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JB: It’s an interesting question. I like the poetic justice of the idea that it is their own reductivism about cultural institutions which has ultimately brought down their position as a cultural institution. But it’s pretty hard to imagine, today, any “mainstream newspaper” that wasn’t a full partaker in the media madness of our times. As I mention in the book, the New York Times devoted as much coverage to the death of Anna Nicole Smith as People or the National Enquirer. In any case, if a newspaper tried to stand aloof from the madness, it wouldn’t be a mainstream newspaper anymore.
TAS: Why does the media seek to endlessly uncover blame in public service even while fetishizing celebrity culture?
JB: They are two sides of the same coin, two aspects of the same process, which is the moralization of politics. First, you take as many as you can of genuinely political differences — that is, those which men of honor will disagree about — and you convert them to moral matters. Oops! There is no legitimate difference after all. There’s a right and a wrong, and you know which side you’d better be on if you want to win the approval of the moralizers, who are the leading lights of the media and celebrity culture. They have already had great success in moralizing Global Warming and other environmental issues and, at least within the penumbra of the media culture itself which is casting its shade ever wider over the political spectrum, there are many more issues including the war on terror and the war in Iraq, government-run health care, government bailouts of the improvident and a few other matters, where debate is essentially closed.
The celebrity part of the equation comes into it because there is a huge celebrity demand for supposedly non-controversial moral issues that they can campaign about and so give themselves a pseudo-heroic gravitas. The symbiosis with the media comes because they can then cover the celebrities’ political campaigns — like Al Gore’s Live Earth extravaganza last summer — in order to sell more papers and advertising time, so that increases the incentive for them to moralize what is inherently political and therefore not moral. Celebrities, of course, love this, because it allows them to pose as crusaders against the forces of darkness — which is what leads Madonna in her latest concert tour to associate John McCain with Hitler and Robert Mugabe. Once, people who depend on other people’s paying money to come to see them would have been more chary about such things, but now they seem to be able to count on the public’s giving them a pass. Oh, that’s just what rock stars do. Having those sorts of infantile political views goes with the job-description.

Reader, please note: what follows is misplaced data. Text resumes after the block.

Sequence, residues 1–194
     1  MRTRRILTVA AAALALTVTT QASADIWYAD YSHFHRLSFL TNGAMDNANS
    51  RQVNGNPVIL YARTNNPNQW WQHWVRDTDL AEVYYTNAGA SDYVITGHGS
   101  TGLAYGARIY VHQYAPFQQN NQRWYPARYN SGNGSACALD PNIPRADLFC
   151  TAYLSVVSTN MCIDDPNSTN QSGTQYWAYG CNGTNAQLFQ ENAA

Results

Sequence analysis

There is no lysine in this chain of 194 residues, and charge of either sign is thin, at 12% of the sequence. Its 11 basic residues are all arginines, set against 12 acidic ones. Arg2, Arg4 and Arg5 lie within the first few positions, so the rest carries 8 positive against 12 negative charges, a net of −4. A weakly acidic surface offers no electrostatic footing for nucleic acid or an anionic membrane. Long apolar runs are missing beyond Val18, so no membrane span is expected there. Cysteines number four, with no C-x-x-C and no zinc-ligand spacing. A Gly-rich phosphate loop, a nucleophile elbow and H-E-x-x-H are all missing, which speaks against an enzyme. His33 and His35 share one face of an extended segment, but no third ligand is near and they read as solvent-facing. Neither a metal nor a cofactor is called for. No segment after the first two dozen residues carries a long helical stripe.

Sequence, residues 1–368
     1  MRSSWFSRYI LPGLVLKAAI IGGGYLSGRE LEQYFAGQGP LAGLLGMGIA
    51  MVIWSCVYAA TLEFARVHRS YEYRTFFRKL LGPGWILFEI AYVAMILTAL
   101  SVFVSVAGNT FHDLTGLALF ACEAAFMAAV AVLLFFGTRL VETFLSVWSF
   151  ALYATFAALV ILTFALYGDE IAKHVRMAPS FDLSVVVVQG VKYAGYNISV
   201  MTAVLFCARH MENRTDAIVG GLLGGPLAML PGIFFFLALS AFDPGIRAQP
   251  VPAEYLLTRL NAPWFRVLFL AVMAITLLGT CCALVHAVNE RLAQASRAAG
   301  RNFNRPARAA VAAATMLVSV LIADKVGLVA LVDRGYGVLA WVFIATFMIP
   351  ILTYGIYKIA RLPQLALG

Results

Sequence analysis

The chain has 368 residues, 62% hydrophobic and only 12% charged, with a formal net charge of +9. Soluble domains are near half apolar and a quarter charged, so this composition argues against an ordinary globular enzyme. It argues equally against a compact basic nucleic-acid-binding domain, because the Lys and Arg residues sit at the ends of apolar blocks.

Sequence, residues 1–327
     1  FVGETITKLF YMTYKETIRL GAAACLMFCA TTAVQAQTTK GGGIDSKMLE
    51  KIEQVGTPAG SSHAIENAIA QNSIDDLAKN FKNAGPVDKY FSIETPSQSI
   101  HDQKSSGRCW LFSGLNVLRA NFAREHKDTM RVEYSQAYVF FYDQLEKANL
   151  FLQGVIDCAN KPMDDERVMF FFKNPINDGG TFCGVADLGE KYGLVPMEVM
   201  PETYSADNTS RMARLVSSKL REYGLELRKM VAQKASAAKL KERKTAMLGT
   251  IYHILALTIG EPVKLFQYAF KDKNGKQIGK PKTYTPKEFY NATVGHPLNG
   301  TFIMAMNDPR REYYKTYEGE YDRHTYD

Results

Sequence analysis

TAS: Is there any particular topic you plan to turn your critical eye on next?
JB: Just as Media Madness follows on from Honor, A History so, I think, the next book will follow on from it. I want to take off from the last chapter on moralizing politics and look into the utopian assumptions in our popular culture that make it possible. No one has yet pointed out, I think, the extent to which — for example — we base our discussions of foreign and defense policy on essentially pacifist assumptions, or our economic decision-making on the assumption that it is the government’s function to make sure that everyone is happy. But this kind of assuming extends far beyond the political culture to affect our outlook on health and safety — because no one should ever die — or sex — because (in the words of an impotence clinic that advertises on the radio) “everyone has a right to a healthy sex life” — or popular entertainment — which is increasingly dominated by utopian fantasies of one sort or another. As usual, everything comes back to honor: once the honor culture has decayed, something has to take its place, and we find that this is both the media-celebrity complex and a utopian politics and foreign policy.
TAS: You end the book: “We must simply hope that, happy in our media niches, we won’t find that we have taken our media madness with us.” You’re a regular in the niche media world. How hopeful are you?
JB: Not very. I’m particularly disappointed that the relative anonymity of the blogosphere seems to have produced a level of incivility and hyperbole and vitriol that even the media would be ashamed of.
A man of faith in a godless age is hitting Americans where it hurts.
Mr. and Mrs. American Spectator Reader, let P.J. O’Rourke talk sense to your kids.
In Britain, defending your property can get you life.
It won’t take long for conservatives to scratch this presidential wannabe off their 2008 scorecard.
Was the President done in by the economy, or by the politics of the economy?